Notice how the translucency does not show really well here?

List of colors (use the number on the white base as reference):

  1. Robot Silver(Faberdashery)
  2. Silver (Ultimaker)
  3. Earl Grey (Faberdashery)
  4. Crystal Clear (Faberdashery)
  5. Translucent Natural (Filamentprint)
  6. Glowbug Yellow (Faberdashery)
  7. Glow-in-the-dark (Diamond Age Solutions)
  8. Flexible White (Ultimaker)
  9. White (Ultimaker)
  10. Pearly White (Faberdashery)
  11. Cherry Blossom Pink (Faberdashery)
  12. Punk Star Pink (Faberdashery)
  13. Solid Purple (Filamentprint)
  14. Princely Purple (Faberdashery)
  15. Lilac Pearl (Diamond Age Solutions)
  16. Lapis Blue (Faberdashery)
  17. Blue Translucent (Ultimaker)
  18. Sapphire (Diamond Age Solutions)
  19. Galaxy Blue (Faberdashery)
  20. Translucent Blue (Filamentprint)
  21. Electric Blue (Faberdashery)
  22. Solid Blue (Filamentprint) *
  23. Glacial Blue (Faberdashery)
  24. Blue Translucent (Ultimachine)
  25. Translucent Green (Filamentprint)
  26. Jade Green (Faberdashery)
  27. Emerald (Diamond Age Solutions)
  28. Greenery Green (Faberdashery)
  29. Village Green (Faberdashery)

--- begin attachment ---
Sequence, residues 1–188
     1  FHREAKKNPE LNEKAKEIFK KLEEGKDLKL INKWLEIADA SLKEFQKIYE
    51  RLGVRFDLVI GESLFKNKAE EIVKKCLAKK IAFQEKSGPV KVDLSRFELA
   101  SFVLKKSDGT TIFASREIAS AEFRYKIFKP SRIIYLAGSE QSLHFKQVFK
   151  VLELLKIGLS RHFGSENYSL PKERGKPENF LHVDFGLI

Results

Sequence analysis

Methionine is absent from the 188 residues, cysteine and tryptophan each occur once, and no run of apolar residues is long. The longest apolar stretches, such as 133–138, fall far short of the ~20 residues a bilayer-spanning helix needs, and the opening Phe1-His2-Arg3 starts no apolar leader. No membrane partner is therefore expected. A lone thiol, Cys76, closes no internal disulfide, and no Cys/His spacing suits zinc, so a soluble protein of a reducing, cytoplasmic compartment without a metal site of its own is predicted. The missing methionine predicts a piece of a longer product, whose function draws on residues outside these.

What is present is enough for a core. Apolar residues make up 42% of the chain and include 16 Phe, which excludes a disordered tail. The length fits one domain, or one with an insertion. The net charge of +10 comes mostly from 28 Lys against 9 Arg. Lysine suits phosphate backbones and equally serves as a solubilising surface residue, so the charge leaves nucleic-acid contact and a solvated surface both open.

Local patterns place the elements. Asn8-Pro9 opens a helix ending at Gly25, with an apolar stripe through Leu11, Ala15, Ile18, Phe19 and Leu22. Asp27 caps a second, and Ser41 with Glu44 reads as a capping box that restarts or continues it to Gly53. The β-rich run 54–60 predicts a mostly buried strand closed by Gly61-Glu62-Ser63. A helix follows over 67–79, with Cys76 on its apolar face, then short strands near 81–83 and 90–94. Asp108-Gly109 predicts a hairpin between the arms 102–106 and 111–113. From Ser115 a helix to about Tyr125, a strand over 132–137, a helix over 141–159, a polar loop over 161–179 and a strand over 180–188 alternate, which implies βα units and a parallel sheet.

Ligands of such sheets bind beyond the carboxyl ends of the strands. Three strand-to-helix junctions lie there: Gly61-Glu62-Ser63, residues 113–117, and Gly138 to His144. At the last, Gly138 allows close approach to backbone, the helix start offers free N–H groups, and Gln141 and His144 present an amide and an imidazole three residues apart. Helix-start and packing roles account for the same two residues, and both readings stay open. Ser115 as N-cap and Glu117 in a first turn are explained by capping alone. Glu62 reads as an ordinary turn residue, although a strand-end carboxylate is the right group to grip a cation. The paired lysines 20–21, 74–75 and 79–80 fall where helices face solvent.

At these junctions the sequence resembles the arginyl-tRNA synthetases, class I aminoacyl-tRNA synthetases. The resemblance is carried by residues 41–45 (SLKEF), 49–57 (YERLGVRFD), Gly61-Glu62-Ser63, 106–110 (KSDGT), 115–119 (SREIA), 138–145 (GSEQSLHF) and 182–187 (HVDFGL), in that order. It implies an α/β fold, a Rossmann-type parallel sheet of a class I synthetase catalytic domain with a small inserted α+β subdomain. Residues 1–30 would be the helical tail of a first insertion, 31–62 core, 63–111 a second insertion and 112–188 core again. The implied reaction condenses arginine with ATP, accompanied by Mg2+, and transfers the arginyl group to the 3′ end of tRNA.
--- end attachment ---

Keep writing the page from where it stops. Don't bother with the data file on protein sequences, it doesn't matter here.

30. Green (Ultimaker) ***
  31. Cyber Yellow (Faberdashery)
  32. Mellow Yellow (Faberdashery)
  33. Yellow (Ultimaker)
  34. Solid Yellow (Filamentprint)
  35. Translucent Yellow (Filamentprint)
  36. Buttercream (Faberdashery)
  37. Orange (Ultimachine)
  38. Squeezed Orange (Faberdashery)
  39. Amber (Diamond Age Solutions)
  40. Transclucent Red (Filamentprint)
  41. Fire Truck Red (Faberdashery)
  42. Red (Ultimaker)
  43. Ruby (Diamond Age Solutions)
  44. Woodland Brown (Faberdashery)
  45. Solid Black (Filamentprint)
  46. Bronze / Gold (Ultimaker)
  47. Bling Bling Gold (Faberdashery)

* = is indeed translucent and not solid?

If you have any idea on how to make this more useful to others (or other feedback), plese leave a message below. If you're a PLA vendor that want to send me some samples to include in a future follow-up post, email me at jenschr [at) gmail <dot> com. And yeah - next time I'll use a raft when printing the holders wink